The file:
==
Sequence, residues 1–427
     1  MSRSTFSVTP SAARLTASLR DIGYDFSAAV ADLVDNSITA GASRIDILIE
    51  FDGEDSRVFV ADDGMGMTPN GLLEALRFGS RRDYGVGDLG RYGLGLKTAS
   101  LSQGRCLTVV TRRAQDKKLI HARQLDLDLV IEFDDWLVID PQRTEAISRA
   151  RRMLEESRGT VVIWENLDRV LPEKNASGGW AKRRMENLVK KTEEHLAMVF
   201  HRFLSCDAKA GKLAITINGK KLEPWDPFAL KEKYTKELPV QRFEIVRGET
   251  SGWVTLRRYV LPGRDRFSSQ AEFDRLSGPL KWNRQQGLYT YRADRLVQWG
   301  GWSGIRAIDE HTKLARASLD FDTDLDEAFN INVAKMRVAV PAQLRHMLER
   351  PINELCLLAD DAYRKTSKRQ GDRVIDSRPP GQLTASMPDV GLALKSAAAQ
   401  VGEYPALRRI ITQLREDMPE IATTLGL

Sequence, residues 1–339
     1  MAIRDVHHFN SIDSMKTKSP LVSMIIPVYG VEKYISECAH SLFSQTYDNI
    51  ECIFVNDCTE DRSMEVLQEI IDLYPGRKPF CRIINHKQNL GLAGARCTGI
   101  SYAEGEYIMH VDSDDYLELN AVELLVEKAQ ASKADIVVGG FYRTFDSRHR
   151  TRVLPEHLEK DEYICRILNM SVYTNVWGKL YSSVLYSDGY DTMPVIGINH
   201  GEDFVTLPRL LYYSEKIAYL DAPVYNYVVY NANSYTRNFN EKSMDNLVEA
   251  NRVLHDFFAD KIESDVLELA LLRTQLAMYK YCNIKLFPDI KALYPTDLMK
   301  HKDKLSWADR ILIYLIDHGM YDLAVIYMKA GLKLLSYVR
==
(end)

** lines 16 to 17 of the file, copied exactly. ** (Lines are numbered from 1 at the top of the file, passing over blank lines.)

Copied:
   201  GEDFVTLPRL LYYSEKIAYL DAPVYNYVVY NANSYTRNFN EKSMDNLVEA
   251  NRVLHDFFAD KIESDVLELA LLRTQLAMYK YCNIKLFPDI KALYPTDLMK